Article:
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What Is Involved in Filing An Injunction?

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  • Written By: Renee Booker
  • Edited By: E. E. Hubbard
  • Last Modified Date: 12 September 2014
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An injunction is essentially a court order that orders a party to do something or orders a party to refrain from doing something. An injunction may be requested in order to prohibit a building from being demolished, to prevent the media from discussing ongoing litigation, or to force members of a labor union to continue working, just to name a few examples. A preliminary injunction is frequently filed early on in the legal process as a sort of stop-gap procedure until the court can consider the actual merits of the case, at which point it may make the injunction permanent. The process for filing an injunction includes preparing a petition or motion, filing it with the court, and providing the opposing party with a copy of the petition or motion.

A lawsuit can take an extremely long time to make it through all the stages of litigation before the court actually decides the issue. In many cases, the issue in the lawsuit is something that requires an immediate response or irreparable harm may be done to one of the parties. As mentioned above, if a historical building, for instance, is scheduled to be demolished within a matter of days, waiting for the typical legal process to run its course to prevent the demolition is not an option. Situations such as that often call for filing an injunction in order to get an immediate response from the court.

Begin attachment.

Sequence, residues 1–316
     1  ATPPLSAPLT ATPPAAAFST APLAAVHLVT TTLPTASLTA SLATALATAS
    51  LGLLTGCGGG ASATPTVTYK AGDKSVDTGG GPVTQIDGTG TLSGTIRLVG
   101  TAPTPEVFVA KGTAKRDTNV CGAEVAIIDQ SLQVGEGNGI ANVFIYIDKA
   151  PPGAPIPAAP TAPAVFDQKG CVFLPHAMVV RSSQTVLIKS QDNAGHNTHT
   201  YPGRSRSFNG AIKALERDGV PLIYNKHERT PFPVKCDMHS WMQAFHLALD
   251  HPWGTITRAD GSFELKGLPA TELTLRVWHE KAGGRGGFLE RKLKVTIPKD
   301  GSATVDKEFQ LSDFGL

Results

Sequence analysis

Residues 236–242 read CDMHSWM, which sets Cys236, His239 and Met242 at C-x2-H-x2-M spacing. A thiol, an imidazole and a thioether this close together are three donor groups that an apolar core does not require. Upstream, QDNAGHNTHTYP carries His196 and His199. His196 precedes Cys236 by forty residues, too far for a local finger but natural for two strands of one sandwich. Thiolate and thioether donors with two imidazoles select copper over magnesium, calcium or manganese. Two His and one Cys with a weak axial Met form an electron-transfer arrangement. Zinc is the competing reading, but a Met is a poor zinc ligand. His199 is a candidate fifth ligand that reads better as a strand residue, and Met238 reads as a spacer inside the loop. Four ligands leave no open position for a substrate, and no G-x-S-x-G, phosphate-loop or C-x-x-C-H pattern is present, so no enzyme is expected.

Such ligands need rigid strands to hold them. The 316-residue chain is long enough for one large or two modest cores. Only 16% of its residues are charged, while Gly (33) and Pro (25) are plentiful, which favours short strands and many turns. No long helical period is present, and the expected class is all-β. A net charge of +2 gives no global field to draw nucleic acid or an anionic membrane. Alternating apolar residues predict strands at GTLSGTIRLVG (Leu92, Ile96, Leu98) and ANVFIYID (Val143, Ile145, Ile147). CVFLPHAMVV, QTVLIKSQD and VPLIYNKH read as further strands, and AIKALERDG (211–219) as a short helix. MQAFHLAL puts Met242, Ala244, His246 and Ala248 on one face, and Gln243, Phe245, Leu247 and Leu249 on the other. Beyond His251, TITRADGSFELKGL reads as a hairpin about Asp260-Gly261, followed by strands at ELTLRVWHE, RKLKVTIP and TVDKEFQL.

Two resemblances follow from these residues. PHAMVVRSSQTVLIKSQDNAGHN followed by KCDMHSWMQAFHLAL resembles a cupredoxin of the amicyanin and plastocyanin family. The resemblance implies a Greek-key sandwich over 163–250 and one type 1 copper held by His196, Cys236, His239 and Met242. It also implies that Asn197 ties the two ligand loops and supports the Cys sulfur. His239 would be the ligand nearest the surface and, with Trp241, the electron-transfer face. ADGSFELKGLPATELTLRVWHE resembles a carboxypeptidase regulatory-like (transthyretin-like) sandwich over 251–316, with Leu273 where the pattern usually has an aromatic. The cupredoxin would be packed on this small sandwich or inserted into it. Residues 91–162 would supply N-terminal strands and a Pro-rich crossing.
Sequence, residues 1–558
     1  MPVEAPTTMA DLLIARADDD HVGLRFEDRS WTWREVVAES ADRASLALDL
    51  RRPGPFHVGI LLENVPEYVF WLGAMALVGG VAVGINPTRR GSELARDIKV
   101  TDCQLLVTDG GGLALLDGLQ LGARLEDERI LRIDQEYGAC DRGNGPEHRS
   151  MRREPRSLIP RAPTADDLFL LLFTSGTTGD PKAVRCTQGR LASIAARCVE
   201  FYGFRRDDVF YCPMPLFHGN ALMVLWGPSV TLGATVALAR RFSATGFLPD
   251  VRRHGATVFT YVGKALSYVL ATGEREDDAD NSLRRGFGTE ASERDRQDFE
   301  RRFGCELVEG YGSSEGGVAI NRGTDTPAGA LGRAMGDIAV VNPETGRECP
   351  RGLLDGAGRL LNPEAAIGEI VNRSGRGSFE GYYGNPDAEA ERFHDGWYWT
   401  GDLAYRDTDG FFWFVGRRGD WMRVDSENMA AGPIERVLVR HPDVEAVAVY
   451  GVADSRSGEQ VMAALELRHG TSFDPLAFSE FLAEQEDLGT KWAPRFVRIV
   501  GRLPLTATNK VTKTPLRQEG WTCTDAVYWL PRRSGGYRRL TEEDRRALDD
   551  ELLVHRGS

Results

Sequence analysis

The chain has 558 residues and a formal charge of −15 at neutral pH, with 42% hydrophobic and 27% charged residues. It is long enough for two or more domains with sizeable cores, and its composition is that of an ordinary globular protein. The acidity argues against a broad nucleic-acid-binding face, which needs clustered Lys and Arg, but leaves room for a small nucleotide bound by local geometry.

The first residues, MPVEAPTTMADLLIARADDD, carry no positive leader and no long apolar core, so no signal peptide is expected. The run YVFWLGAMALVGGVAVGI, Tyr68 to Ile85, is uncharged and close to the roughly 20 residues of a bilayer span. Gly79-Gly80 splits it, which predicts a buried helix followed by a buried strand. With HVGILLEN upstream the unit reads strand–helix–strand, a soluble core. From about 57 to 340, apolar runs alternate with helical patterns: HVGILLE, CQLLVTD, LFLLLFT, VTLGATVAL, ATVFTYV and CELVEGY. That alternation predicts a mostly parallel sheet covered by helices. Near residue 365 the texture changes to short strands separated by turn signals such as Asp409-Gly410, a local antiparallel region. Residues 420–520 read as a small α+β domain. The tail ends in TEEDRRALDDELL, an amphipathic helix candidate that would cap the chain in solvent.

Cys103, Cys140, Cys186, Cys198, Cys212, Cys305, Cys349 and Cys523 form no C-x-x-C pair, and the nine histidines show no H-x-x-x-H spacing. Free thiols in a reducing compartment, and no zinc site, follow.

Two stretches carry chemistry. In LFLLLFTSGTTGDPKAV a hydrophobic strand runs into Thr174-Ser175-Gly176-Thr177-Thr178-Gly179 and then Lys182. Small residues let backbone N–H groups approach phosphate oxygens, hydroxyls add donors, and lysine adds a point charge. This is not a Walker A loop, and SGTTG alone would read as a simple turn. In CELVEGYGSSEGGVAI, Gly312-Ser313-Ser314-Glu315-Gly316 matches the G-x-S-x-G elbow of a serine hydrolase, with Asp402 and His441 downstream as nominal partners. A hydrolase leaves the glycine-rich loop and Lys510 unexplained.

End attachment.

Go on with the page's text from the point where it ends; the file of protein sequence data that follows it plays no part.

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A party who is in need of an immediate court order generally files a motion or petition for preliminary injunction with the court. When filing an injunction for immediate preliminary relief, the party filing the motion must demonstrate to the court that the injunction is needed to prevent irreparable harm and that the court is likely to find for the moving party on the merits of the case among other requirements. Granting an injunction often amounts to making an initial determination on the likely outcome of a lawsuit, which makes courts hesitant to grant them without a good reason. The party filing an injunction must be aware of this hesitation and prepare the motion accordingly.

The party filing an injunction must also provide the opposing party with a copy of the petition or motion. Unlike most rules of civil procedures that often allow the respondent up to 30 days to respond to petitions or motions, a petition or motion for injunction must often be responded to within a few days, or even within hours, depending on the subject matter of the injunction. The time frame for a judge to review and respond to the filing of an injunction is also considerably shorter in most cases due to the often urgent nature of the request.

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